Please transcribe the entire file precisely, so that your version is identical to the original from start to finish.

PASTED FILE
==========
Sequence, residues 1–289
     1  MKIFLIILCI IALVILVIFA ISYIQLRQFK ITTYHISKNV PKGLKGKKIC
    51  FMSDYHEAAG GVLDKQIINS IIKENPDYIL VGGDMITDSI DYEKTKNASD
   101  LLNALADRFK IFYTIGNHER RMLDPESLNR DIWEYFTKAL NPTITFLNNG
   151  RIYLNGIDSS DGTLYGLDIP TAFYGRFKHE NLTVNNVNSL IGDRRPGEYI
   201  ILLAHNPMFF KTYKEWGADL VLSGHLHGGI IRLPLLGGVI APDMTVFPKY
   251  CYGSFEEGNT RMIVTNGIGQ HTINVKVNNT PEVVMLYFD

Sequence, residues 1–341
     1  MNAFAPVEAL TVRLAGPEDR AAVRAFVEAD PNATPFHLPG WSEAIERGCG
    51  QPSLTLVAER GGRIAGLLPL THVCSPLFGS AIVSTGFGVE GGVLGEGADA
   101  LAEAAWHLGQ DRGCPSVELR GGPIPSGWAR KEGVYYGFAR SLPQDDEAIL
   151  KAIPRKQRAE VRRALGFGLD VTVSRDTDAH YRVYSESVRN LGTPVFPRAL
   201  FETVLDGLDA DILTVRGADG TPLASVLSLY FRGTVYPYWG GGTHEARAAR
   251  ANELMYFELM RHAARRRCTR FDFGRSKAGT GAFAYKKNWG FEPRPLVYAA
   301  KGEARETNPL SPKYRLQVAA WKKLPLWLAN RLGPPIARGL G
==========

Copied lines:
Sequence, residues 1–289
     1  MKIFLIILCI IALVILVIFA ISYIQLRQFK ITTYHISKNV PKGLKGKKIC
    51  FMSDYHEAAG GVLDKQIINS IIKENPDYIL VGGDMITDSI DYEKTKNASD
   101  LLNALADRFK IFYTIGNHER RMLDPESLNR DIWEYFTKAL NPTITFLNNG
   151  RIYLNGIDSS DGTLYGLDIP TAFYGRFKHE NLTVNNVNSL IGDRRPGEYI
   201  ILLAHNPMFF KTYKEWGADL VLSGHLHGGI IRLPLLGGVI APDMTVFPKY
   251  CYGSFEEGNT RMIVTNGIGQ HTINVKVNNT PEVVMLYFD

Sequence, residues 1–341
     1  MNAFAPVEAL TVRLAGPEDR AAVRAFVEAD PNATPFHLPG WSEAIERGCG
    51  QPSLTLVAER GGRIAGLLPL THVCSPLFGS AIVSTGFGVE GGVLGEGADA
   101  LAEAAWHLGQ DRGCPSVELR GGPIPSGWAR KEGVYYGFAR SLPQDDEAIL
   151  KAIPRKQRAE VRRALGFGLD VTVSRDTDAH YRVYSESVRN LGTPVFPRAL
   201  FETVLDGLDA DILTVRGADG TPLASVLSLY FRGTVYPYWG GGTHEARAAR
   251  ANELMYFELM RHAARRRCTR FDFGRSKAGT GAFAYKKNWG FEPRPLVYAA
   301  KGEARETNPL SPKYRLQVAA WKKLPLWLAN RLGPPIARGL G